Where is everyone?
— You've seen teams roll out four or five forwards on a power play unit before, but how often do you see a coach play four or five defenseman at even strength at one time? Yeah, that's what I thought.

But that's exactly what Wayne State did several times during Sunday's game against UAH. A lethal combination of injuries, NCAA suspensions and team discipline left Warriors coach Bill Wilkinson with just 16 skaters dressed Saturday. During full line changes, the Wayne State bench was about as full as the stands at an Arizona Cardinals game.

Only nine of the 16 skaters were forwards, giving Wilkinson three lines to work with. So, to shake things up, he occasionally sent out freshman defenseman Adam Drescher and junior defenseman Aaron Hundt as forwards — making for four WSU D-men on the ice at once.

"I kinda knew what I was doing out there at forward," Drescher said. "I played there one game at AIC when we had a couple of guys ineligible.

"Tonight, Coach put three D on a forward line, just basically to go out there and hit for four or five shifts. He had to give the forwards a rest."

The Warriors' situation should be helped by the returns of senior forwards Chris Vail and Travis Rycroft, who have served their mandatory one-game suspensions for game disqualifications they picked up Saturday. But, because of NCAA privacy regulations, there's no word on whether any of the injured Warriors (such as sophomore Derek MacKay or freshman Mark Cannon) will be back soon.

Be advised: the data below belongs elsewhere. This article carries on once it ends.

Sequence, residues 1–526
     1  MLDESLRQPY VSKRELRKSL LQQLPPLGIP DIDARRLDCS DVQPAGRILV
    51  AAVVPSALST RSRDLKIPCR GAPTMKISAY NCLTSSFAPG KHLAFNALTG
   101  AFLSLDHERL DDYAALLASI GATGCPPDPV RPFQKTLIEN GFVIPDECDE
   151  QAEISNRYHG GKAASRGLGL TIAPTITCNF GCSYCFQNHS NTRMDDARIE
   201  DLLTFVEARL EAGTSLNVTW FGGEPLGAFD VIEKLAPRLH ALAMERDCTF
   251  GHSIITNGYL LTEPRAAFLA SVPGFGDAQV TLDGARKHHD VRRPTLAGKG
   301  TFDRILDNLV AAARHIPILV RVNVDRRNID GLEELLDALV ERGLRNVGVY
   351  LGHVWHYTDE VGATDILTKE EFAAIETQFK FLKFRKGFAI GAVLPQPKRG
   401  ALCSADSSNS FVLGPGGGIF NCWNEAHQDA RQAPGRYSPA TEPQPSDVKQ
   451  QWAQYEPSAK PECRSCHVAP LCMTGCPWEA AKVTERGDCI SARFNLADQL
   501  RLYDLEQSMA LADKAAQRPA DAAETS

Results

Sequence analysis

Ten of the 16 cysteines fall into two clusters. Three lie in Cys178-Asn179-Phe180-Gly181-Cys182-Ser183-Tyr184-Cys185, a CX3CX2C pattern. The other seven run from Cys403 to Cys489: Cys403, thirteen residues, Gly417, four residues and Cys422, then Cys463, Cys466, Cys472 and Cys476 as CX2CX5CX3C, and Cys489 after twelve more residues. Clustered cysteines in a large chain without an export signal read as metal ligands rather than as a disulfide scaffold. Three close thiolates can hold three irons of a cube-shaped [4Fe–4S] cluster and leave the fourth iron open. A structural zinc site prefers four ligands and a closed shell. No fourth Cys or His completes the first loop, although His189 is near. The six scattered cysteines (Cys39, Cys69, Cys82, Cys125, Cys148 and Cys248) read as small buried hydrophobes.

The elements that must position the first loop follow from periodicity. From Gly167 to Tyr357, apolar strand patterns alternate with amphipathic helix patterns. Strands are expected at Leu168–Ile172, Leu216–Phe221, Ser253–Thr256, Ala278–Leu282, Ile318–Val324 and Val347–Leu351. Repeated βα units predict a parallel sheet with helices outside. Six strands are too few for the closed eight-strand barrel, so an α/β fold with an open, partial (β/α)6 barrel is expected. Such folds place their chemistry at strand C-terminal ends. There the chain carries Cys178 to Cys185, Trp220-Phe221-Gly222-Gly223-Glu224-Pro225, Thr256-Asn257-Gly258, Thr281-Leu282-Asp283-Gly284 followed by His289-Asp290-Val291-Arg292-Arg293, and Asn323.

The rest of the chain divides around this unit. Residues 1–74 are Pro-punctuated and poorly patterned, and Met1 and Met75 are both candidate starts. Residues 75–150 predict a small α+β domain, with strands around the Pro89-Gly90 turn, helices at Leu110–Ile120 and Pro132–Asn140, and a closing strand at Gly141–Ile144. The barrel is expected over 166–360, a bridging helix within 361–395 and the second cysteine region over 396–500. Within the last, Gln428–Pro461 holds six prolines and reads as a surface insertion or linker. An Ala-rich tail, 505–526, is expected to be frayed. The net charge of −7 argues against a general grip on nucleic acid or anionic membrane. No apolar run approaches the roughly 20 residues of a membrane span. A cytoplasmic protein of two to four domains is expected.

Saintly — Much like Jared Ross, Bentley junior goalie Simon St. Pierre might be playing somewhere else if it weren't for an immediate opening for playing time at his school. In the Boston Globe last week, Falcons coach Ryan Soderquist recalled luring St. Pierre to Waltham with the promise of immediate playing time, while most bigger schools wanted the Montreal native to play another year of juniors.

Now, "He is the backbone of our team," Soderquist told the Globe. "When he plays to his potential, he can put us in position to win every game."

Indeed, St. Pierre has been one of the lone bright spots during a sluggish Bentley season. He boasts a 2.99 GAA and .909 percentage for a team that has just three wins. It seems as though the 5-foot-10, 185-pounder was born to play in net.

"I started playing hockey when I was 3, and because I played forward, I quit twice because I didn't like it," St. Pierre said. "There was one game where I was playing forward and I skated right down to the net and sat down between the posts."

Typical goalie.

Mac is back — Speaking of backstops, INCH recently caught up with MacLean, our midseason pick as the CHA's surprise individual. The Woodstock, Ontario, native is splitting time with sophomore Scott Munroe this season, which is quite a feat considering MacLean languished on the bench behind Munroe and then-senior Mark Byrne last season. He played just three games in 2002-03, but already has nine under his belt this season.

"Scottie got the opportunity last year, and he just closed the door on me ever getting back in," said MacLean, who currently has a team-leading 2.39 GAA and .919 percentage. "Now we're both playing, we're both competitive and we both push each other."

Freshman Marc Narduzzi is also in the Chargers' goaltending mix this season, although he hasn't seen any game time yet. No offense, but that's the way MacLean wants it.

"I knew what happened last year," MacLean said. "I didn't want someone to be able to step in and have one great game and have the door get closed on me again. I'm just trying to play well, and Scottie's playing great, so it's a healthy competition for all three of us."